20 in 10: A ChopCult Pictorial


I have an abiding respect for skilled individuals who earn a living practicing their passion. Moreover, I consider it an insult when laypersons who engage in a similar activity take themselves too seriously. For instance, I have circumnavigated a motocross track at the same moment as Jeremy McGrath, so I know Super Mac participates in a sport with which I am totally unfamiliar. Me talking about clearing 20-foot doubles just seems like a slap in the seven-time champ's face.

Likewise real photographers. A wise and talented lensman once told me, "Amateurs take pictures—professionals make photographs.” I’ve worked with some of the best photographers in several industries, so I know my own skills are terrapixels below The Real Thing. Nevertheless, when I attend chopper hootenannies, I try to take picture-taking seriously. None of my amateur snapshots will ever hang in a gallery, but each of them reminds me why I enjoy today's custom motorcycle scene so much.

To keep the pace of this ChopCult pictorial lively, I took just ten minutes to pick these 20 photos from my archives. Any longer might have implied more gravity than these pedestrian images contain. Writing each caption took considerably longer, but that's only because some of them were satirized for your protection.



Dan Collins and his lovely wife Tiffany of Old Gold Garage Co. exuded an air of quiet confidence and raw sensuality at 2010's Slab City Riot. Tiffany's Buell Blast-powered chopper is as rad as it is period incorrect.



This work-in-progress was built by Wayne Ahquist for the biker build-off at Laconia Bike Week 2010. It didn't take top honors at New England's biggest biker hoedown, but it did land on the cover of Acme's catalog. This photo doesn't do justice to the level of detail on display.



I lived in Lake Elsinore for 13 years and never saw this bike or its owner. Duane Ballard lived in LE for less than six months before he and Alex Cardone and his CB750 chopper became best friends. The things Alex can build with a belt sander and a garden rake would blow your mind.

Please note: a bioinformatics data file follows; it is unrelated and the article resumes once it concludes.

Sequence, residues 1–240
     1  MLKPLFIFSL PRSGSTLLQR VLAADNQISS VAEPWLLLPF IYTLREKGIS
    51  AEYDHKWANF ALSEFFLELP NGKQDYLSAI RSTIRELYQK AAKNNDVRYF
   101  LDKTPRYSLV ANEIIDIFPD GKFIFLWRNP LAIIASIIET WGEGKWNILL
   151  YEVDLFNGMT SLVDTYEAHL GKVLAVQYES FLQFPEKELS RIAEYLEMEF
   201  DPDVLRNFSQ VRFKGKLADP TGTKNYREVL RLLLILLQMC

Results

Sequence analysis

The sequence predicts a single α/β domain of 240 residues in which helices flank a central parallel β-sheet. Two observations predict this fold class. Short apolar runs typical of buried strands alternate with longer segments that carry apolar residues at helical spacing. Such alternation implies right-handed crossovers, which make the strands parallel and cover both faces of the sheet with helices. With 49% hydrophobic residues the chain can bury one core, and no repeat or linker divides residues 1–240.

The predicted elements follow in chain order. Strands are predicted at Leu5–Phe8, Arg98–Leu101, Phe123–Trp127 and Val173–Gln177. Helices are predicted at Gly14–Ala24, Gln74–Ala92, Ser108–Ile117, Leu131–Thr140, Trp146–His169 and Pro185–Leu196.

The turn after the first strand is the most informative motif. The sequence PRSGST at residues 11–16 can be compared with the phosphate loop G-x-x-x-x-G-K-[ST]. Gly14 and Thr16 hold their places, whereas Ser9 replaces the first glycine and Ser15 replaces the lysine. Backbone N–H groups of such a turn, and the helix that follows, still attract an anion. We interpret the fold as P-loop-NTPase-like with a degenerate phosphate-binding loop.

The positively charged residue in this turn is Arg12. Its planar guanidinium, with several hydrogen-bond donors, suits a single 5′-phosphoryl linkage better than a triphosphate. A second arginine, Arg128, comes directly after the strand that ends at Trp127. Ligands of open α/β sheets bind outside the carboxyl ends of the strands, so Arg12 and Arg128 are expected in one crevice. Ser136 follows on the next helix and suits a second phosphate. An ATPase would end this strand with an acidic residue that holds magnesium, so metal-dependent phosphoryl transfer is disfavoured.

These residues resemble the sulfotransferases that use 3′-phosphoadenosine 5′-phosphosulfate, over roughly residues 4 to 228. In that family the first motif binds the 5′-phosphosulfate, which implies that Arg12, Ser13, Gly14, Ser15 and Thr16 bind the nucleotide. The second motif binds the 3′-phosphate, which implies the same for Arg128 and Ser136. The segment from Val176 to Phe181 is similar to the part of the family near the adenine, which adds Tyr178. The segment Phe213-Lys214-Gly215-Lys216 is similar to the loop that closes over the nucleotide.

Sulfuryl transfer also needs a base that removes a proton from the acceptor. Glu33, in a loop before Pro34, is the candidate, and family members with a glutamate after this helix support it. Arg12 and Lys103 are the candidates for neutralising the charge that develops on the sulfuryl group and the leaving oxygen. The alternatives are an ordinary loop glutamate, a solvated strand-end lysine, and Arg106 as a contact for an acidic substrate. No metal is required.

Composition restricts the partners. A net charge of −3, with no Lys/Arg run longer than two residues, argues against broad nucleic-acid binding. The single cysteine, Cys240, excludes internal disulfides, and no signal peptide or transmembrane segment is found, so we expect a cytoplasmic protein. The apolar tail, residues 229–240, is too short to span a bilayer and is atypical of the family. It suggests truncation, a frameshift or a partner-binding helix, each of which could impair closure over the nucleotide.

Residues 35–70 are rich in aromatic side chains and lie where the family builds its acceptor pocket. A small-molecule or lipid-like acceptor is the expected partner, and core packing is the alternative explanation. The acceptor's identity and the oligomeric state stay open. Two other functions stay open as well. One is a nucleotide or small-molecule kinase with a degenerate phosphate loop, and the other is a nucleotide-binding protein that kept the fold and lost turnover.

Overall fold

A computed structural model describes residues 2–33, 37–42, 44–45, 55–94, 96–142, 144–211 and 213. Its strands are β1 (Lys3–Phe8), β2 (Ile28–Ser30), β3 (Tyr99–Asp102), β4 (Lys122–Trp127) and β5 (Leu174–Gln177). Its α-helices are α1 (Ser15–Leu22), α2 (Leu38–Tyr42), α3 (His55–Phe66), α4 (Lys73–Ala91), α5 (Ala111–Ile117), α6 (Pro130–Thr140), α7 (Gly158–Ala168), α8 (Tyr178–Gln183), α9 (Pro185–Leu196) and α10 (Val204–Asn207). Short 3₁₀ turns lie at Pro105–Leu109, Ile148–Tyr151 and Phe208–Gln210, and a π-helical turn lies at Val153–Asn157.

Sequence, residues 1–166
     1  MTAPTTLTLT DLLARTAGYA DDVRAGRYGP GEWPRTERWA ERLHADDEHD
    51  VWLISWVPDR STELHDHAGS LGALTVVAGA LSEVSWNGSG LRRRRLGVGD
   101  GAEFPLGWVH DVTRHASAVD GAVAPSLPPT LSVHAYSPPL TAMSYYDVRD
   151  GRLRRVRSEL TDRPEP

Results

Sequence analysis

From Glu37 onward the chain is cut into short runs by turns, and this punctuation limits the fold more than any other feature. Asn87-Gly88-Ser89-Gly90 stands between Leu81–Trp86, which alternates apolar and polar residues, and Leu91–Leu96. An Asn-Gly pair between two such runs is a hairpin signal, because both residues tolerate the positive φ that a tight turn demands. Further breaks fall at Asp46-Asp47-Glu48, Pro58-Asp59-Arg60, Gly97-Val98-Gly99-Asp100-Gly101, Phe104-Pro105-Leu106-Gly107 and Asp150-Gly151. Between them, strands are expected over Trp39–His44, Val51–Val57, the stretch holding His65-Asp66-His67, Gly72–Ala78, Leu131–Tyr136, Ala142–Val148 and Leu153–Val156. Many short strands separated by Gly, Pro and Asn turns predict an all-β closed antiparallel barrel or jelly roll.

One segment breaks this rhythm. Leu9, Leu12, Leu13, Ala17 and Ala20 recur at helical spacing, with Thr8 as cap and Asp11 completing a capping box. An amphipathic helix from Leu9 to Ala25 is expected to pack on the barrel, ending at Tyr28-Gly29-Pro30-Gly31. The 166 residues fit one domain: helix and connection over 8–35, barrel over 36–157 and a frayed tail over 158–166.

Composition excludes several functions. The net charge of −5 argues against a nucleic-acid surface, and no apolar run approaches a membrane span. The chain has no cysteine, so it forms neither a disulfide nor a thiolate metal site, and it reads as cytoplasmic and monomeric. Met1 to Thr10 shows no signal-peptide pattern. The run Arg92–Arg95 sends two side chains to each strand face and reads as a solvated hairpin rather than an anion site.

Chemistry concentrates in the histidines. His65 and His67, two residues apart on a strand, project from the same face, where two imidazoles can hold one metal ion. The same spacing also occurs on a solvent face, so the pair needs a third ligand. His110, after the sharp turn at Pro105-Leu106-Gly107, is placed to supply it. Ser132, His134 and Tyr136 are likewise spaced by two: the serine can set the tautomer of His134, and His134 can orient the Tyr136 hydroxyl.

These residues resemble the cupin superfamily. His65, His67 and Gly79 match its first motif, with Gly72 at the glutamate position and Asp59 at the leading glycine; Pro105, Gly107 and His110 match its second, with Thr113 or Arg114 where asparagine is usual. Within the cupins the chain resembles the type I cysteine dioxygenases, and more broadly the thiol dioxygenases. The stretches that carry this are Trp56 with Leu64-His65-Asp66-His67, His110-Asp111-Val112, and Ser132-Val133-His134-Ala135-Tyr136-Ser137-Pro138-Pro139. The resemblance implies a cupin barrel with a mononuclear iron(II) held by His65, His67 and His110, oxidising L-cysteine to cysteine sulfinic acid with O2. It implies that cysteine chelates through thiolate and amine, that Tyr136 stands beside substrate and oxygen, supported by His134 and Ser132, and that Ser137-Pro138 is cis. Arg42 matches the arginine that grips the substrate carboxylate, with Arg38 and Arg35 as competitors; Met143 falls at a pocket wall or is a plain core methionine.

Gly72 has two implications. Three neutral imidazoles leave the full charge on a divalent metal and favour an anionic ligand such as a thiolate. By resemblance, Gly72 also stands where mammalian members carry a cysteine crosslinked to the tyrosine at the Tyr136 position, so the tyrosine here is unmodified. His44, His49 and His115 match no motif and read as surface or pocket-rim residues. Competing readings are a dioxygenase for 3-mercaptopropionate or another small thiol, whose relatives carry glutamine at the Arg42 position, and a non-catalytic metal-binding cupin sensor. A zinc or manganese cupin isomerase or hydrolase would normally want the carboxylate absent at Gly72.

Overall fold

I met Darren LePage and fellow Jersey Boy Walt Gemeinhart on Gypsy Run I in 2007. Both men should have pummelled me for my creepy campfire shenanigans but they didn't, and that's what makes Darren and guys like him so great.



My friend Rob Warren gifted me his CB450 cafe racer basket case, so to honor his generosity I spent the next year building this StreetTracker. Lots of talented people stopped by the shop to to pitch in on my most ambitious project to date. This motorcycle more than any other stands as a constant reminder on the value of talented and generous friends.



I shot this photo of Bill at the Hell on Wheels vintage moto races in 2010. Notice the bent pegs, the paper plate and the handlebars in Bill's lap. Lowbrow hijinx at its best. I don't know anyone who enjoys riding motorcycles more than Billdozer.



Girls are awesome, and make camping in the dirt with bearded weirdos bearable. Some day I will return to earth as a brass zipper.



Dr. Jerimy Cox from Ponca City, OK, is a respected chiropractor by day and a tattooed chopper freak evenings and weekends. I was 60 yards away from this bike when I shot it parked in the middle of the dirt track at last year's Twine Ball Run. Long-lens photos sometimes give the subject a toy-like quality I find appealing.



I'm not sure anything in this photo is in focus, but the light and the space and the environment say "man cave" like few images I've stumpled upon. This man cave happens to be Foundry Moto in Phoenix, AZ, which might explain why there's a knucklehead on the workbench instead of an XS650.